A) It seemed a bit dismal and almost Dickensian. My advice for young people who can’t find a real job is to LEAVE. If you don’t have any debts, you don’t have kids, you don’t have a house, I would say travel the world, intern everywhere, sleep at friends’ houses and have some fun. You don’t need the grief, so why take it? If you can’t find something you love to do, then do the other things that you’ll never get a chance to do – like leave home and be on your own.

I described in UGGU walking into Las Vegas with $1.50 in my pocket and getting a job, a place to crash and a meal—all in thirty minutes. Then I decided not to go to New Orleans because there would always be another chance….

When the economy is working against you, it’s like a wave in the ocean. If you stand against it, you’ll just get rolled.

Q) Where is your book on sale, Mike?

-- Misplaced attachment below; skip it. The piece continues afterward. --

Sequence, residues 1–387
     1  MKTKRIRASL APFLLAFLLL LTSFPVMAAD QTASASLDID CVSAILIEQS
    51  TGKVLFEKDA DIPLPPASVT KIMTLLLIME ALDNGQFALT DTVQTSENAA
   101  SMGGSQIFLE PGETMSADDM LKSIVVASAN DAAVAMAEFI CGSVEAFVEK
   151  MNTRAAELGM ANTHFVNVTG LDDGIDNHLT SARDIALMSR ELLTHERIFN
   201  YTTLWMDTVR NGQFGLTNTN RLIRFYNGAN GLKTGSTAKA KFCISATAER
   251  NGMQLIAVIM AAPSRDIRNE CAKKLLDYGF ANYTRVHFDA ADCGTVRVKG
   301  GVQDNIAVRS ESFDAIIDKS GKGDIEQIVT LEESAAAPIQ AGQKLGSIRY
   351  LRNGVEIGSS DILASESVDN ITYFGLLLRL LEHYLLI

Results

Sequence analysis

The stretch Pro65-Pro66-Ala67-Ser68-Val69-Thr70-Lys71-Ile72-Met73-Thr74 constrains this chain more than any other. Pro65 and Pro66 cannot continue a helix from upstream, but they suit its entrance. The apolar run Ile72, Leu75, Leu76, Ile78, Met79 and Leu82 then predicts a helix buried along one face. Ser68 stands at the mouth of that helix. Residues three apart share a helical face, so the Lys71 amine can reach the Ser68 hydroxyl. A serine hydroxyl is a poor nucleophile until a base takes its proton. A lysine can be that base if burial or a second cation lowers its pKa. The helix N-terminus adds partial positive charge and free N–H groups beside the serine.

A) Almost anywhere electronic – Amazon US, Amazon UK, Smashwords, iTunes. Also, if you are unemployed or think you’re about to get fired and feel you really can’t afford it (honor system) write me at [email protected] and I’ll send you a coupon for a free copy.

Q) Thanks for your time, Mike. I hope the book is a success for you!

A) Thank you, David! I’m so glad to see the success your book has garnered!

10 thoughts on “Guest blog: So, You’d Like a Job, Then? (Final part)

    1. maussmike

      Michael Moore is in the same business I’ve been in for 40 years – television production – and he uses misleading editing techniques to manipulate his material that would be instant termination if I found anyone working for me doing it.